Books / News

Ateneo to launch novel in Spanish

el campeon

Instituto Cervantes-Manila, the Embassy of Spain, UnionBank, Ateneo de Manila University (ADMU), and Colegio de San Luis, A.C. (Mexico) present the debut of El Campeón, a novel by Filipino writer Antonio M. Abad, on March 5, 2013, 4:30 pm at the Basement of the Manuel V. Pangilinan Center for Student Leadership, ADMU.

The novel El Campeón is told from the point-of-view of the rooster Banogon who, after suffering a crippling injury in a cockfight, has been destined for the chopping board. However, because of his fame as a cockfighting champion, he is instead brought to a farm where he is to guard the mother hens from preying hawks. There, he befriends the caretaker, with whom he shares the tales of his reign as a national champion and the story of his first great love, Baikiki, whom he eventually meets again in the den where he is destined to spend his remaining days as a cripple.

To fully appreciate the genius of Abad, it must be noted that El Campeón was written during a time when the American colonial government had been pushing for the eradication of cockfighting in the Philippines. The novel was a reflection on the polemic that was resonating in the halls and in streets of Manila then. In reply, the author wrote about the art inherent in this sport that many Filipinos, up to this very day, take delight in.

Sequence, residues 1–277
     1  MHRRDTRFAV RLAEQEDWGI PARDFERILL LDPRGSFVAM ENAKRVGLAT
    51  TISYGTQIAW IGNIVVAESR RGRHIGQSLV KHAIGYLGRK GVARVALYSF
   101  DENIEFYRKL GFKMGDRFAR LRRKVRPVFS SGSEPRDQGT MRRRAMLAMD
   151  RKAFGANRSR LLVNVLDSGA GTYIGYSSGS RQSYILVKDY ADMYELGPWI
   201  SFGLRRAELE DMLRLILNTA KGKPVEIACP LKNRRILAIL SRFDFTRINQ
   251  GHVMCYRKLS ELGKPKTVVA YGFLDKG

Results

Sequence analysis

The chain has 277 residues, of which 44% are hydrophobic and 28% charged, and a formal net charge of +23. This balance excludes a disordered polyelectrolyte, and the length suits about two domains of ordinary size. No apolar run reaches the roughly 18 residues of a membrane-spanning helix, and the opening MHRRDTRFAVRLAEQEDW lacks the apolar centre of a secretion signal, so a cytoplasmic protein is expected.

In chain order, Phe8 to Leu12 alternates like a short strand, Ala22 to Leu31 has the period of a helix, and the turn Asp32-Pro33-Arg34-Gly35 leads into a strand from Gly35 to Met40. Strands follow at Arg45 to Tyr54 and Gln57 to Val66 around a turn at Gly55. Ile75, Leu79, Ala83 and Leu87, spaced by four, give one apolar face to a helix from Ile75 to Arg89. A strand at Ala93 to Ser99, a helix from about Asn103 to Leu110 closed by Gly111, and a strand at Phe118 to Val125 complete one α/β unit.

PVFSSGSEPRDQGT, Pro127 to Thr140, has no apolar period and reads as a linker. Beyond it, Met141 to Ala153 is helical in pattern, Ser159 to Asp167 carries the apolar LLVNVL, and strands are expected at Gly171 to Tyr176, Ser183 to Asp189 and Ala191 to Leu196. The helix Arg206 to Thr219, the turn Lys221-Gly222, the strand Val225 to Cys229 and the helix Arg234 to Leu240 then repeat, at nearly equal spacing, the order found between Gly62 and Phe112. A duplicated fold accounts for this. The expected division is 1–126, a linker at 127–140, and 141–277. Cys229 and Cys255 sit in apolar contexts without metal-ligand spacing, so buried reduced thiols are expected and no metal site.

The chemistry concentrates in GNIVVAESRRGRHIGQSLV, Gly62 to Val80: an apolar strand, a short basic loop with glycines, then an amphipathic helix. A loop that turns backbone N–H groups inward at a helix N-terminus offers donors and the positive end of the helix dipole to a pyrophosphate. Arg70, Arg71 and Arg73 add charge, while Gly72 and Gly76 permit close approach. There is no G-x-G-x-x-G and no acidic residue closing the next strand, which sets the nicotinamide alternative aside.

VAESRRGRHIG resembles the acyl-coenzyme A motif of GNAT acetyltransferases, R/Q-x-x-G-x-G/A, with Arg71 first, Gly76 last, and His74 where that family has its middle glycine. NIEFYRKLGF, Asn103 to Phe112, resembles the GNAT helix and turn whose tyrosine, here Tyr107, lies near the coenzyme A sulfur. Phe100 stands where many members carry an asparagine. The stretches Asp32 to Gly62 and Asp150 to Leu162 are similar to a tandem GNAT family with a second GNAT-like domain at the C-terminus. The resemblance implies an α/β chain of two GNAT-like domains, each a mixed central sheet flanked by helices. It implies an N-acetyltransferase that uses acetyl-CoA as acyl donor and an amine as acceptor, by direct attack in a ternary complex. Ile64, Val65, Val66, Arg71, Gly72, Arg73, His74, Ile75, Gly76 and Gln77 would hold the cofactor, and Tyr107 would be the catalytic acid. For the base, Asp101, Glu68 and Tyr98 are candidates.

Antonio M. Abad (1894-1970) was a poet, playwright, essayist and novelist born in Barili (Cebu) and is frequently referred to as “the greatest Hispanic Filipino novelist after Rizal”. In 1927, he published his first novel El Último Romantic. Two years after, he won the Premio Zobel said to be the most prestigious award in the field of Filipino literature for the novel, La Oveja de Nathan.  He is the father of poet Gemino Abad and grandfather of fictionist Cyan Abad-Jugo.

Although a recipient of the Commonwealth Literature Prize in 1940, El Campeón remained unpublished until now. It is the third title in the collection Clásicos Hispano Filipinos, a project initiated in 2009 by Instituto Cervantes to revive works written in Spanish by Filipino authors. This edition of  El Campeón  has been annotated by Mexican scholar Salvador García (Colegio de San Luis, San Luis de Potosí, Mexico) who taught Spanish this year at Ateneo de Manila’s Modern Languages Department, and Luisa Young, a Spanish instructor in the same department.

el campeon2


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